Notes: Also played basketball and baseball and ran track as a Nebraska prep. Graduated high school early to enroll at Idaho and redshirted in 2006. Stepped into the lineup in 07 when he started all 10 games in which he played and completed 132-of-298 pass attempts (44.3 percent) for 1,787 yards with 10 touchdowns and 18 interceptions. Missed three games after rupturing a tendon in his right (throwing) hand against Hawaii. Started all 12 games in 08, tossing 184-339-2,077-20-17 (54.3). In 09, started all 11 games in which he played and completed 192-312-2,906-22-9 (61.5). Suffered a right (throwing) rotator cuff tear against Louisiana Tech and missed two games. Started all 13 games in 10 and totaled 271-478-3,314-22-16 (56.7). Team captain. Had a 17-29 career starting record. Graduated in December.

Positives: Looks the part. Outstanding size and arm strength to drive the ball into tight spaces. Extremely intelligent and has a strong understanding of the game set protection and was given reign to heavily audible at the line. Works and practices hard. Very experienced, pro-style passer. Has physical tools to develop.

Negatives: Too analytical on the field overthinks the game and lacks the innate instincts desired to become a decisive triggerman. Average poise and processing speed in the pocket holds on to the ball too long and takes needless sacks. Tends to set tall and narrow-based and footwork requires refinement. Not quick-footed to escape the rush marginal scrambling ability. Struggles to take pace off the ball and throw with touch does not toss a catchable ball. Crumbled against better competition (Nebraska, Boise State). Has a 54.6 percent career completion percentage and a 37 percent winning percentage, and it shows. Marginal weight-room worker and strength. Lacks mental toughness, confidence and the command to take charge in an NFL locker room.

Summary: A well-built, pocket-passing, four-year starter who still makes too many freshman mistakes. Looks the part on paper, but enters the NFL as very much a project with a long way to go. Has the size and arm strength to fit best into a vertical passing game, but heavy feet, inconsistent accuracy and raw decision making might keep him holding a clipboard for the next 10 years. Most comfortable when he is not on the hot seat.

NFL projection: Fifth- to sixth-round pick.

Mark Sanchez on fast food runs, shutting up and policing a QB controversy

Mark Sanchez on fast food runs, shutting up and policing a QB controversy

When the Bears signed Mark Sanchez March 24, some fans panicked that it meant Ryan Pace would avoid selecting a quarterback for a third straight draft. And when Pace boldly (or, stupidly, to some) traded up a spot to second overall to secure Mitch Trubisky for the future, those critics emerged, too.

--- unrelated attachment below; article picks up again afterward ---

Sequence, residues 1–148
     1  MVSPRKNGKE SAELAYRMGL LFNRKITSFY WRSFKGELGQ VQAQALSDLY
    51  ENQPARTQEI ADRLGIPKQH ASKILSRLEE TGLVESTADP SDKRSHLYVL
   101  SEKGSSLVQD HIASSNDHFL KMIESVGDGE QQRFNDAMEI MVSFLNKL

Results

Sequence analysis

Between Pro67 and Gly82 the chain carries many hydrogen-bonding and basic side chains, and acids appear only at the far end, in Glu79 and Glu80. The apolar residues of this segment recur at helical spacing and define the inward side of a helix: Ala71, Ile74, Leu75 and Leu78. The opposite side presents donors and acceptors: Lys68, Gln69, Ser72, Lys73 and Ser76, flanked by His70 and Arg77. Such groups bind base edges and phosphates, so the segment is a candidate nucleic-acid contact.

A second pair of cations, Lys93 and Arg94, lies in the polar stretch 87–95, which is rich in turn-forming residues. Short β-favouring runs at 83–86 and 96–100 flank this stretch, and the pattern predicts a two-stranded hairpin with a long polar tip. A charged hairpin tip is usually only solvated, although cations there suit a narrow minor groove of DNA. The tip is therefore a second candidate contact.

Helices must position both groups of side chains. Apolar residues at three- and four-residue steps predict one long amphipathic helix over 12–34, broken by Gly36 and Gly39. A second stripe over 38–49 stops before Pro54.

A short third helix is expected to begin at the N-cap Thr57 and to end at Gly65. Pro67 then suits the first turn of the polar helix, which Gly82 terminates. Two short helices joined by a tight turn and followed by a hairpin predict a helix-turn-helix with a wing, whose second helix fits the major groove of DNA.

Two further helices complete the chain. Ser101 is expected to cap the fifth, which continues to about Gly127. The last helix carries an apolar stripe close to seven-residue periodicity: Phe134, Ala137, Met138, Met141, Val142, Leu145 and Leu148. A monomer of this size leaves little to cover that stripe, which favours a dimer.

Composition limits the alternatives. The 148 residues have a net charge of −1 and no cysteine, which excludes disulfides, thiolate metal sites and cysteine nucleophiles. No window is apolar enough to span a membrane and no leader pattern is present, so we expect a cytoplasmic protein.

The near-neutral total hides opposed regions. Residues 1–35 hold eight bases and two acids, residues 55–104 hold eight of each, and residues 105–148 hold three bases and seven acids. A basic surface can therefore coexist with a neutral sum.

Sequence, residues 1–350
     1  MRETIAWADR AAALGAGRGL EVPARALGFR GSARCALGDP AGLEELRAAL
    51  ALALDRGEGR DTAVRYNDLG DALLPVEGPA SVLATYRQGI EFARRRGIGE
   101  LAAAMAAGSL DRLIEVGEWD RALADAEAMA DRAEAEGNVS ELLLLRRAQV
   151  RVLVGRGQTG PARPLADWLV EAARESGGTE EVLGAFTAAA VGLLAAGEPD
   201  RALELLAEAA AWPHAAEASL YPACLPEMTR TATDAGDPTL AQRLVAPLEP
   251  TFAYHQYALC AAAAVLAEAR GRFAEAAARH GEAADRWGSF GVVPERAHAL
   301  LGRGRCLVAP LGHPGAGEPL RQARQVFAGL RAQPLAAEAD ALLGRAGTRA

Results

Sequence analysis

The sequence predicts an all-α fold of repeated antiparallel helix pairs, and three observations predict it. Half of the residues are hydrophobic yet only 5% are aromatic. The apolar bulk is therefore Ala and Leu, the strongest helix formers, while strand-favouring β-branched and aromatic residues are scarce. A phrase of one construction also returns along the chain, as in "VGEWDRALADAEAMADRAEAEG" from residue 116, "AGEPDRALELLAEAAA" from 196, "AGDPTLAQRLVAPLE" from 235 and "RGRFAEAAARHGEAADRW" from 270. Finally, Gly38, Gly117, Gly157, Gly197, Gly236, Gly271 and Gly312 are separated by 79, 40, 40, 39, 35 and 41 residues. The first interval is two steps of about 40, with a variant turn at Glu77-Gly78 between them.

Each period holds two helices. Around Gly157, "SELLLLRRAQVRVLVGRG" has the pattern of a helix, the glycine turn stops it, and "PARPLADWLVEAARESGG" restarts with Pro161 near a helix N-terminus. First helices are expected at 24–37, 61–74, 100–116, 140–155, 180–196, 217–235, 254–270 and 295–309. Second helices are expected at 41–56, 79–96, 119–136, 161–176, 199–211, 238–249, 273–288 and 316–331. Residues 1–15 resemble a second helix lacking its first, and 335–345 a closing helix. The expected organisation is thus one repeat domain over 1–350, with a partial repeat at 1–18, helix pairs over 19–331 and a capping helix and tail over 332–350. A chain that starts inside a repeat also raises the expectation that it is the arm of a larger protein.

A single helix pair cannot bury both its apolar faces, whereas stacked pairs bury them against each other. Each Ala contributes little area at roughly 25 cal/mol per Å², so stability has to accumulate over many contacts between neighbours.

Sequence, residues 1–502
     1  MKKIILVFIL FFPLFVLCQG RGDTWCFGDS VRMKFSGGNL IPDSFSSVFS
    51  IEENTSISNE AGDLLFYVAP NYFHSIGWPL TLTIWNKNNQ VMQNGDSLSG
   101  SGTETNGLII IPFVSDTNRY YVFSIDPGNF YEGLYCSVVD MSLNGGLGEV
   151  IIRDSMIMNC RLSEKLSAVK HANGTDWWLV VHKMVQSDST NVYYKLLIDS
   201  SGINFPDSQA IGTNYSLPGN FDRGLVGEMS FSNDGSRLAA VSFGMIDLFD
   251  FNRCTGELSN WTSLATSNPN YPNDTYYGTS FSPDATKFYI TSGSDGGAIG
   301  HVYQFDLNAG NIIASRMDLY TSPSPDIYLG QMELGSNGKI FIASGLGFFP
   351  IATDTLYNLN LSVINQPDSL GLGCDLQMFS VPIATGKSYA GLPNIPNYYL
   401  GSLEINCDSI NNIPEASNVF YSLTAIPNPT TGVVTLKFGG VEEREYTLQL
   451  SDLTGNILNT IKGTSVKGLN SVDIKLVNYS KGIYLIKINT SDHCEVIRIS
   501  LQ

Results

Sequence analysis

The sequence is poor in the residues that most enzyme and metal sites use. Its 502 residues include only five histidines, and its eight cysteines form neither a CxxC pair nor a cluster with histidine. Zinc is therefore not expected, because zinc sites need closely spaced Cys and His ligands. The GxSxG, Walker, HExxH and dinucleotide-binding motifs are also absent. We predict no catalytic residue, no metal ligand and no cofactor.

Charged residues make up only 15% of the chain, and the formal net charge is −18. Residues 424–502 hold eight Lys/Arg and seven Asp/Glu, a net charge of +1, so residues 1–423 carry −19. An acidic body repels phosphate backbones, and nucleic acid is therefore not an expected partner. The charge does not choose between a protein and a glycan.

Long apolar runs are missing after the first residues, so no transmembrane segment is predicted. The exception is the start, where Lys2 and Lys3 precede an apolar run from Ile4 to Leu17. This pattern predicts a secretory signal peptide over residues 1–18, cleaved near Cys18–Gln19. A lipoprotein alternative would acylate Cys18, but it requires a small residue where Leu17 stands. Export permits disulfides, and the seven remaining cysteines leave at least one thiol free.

Sanchez signed as Mike Glennon's backup, and according to Pace Wednesday, that's still what he is. For the former fifth overall pick of the Jets, starting would be great. But he's only done that ten times over the past four years after starting all but two games in his first four seasons under the media microscope in New York.

"I thought this team was on an upper trend and it'd be great to help somebody like Mike," Sanchez said Thursday in his first interview with Chicago reporters. "I know they went through a serious injury bug last year and a lot of guys would be getting healthy."

The man is only 30, and things were never better professionally than in his fresh-faced, first two NFL seasons, helping the Jets win two playoff road games in both 2009 and 2010 (including one at New England) before getting knocked out in AFC Championship games on the road. Now, he's not considered a starter, unless it's an emergency.

"It has been a different role, and adjusting your perspective is not always easy, but that's the mental side of this game and that's why I love playing it, no matter what," Sanchez said. "I wanna be competing my butt off in practice, and then pushing the starter as much as I can."

With Tony Romo hurt yet again in Dallas last year, Sanchez was picked up as insurance by the Cowboys after the Broncos decided to go with two other young quarterbacks, Trevor Siemian and Paxton Lynch, following Peyton Manning's retirement. But fourth-round rookie Dak Prescott's performance kept him on the field and Sanchez in a mentor role. Just as he will be with Glennon and Trubisky.

"Whatever it takes to win," Sanchez said. "And if that means getting him ready to play, and if that's what the role is, which is what it looks like here, then I'll push Mike, get ready to play myself and make sure he's ready to go in. It's been exciting working with him, because he can really play. I think he's a special player. He's decisive, he's got great feet for a big guy, and he can make all the throws so I'm excited to see how well he does."

Sanchez was Prescott in 2009, being chosen as a rookie over veteran options on a contending team.

"I had Kellen Clemens, Kevin O'Connell and Mark Brunell," Sanchez said of his NFL baptism under fire. "And all three of them, my first couple years, were amazing guys. Whether it was body language, footwork, where to live, where to eat, anything, you name it. We got so close. That kind of stuff transcends football when you get close off the field like we did those first couple of years, things take off. That kind of stuff I learned right away. We're still building that here."

There's no telling the degree of influence Sanchez may have had on Prescott's success. He arrived in Dallas late (after opening last preseason with a long touchdown pass to Demaryious Thomas at Soldier Field), too. But he hopes the NFL life lessons he'd been through, from winning, to butt-fumbling, to being cut, will help Glennon and Trubisky as he hope it did with Dak.

"That was a heckuva run," he said. "When you look at these teams, especially heading into year nine, you know from the first practice what you have, what you're searching for, what guys lead, what guys follow. You can feel it right away.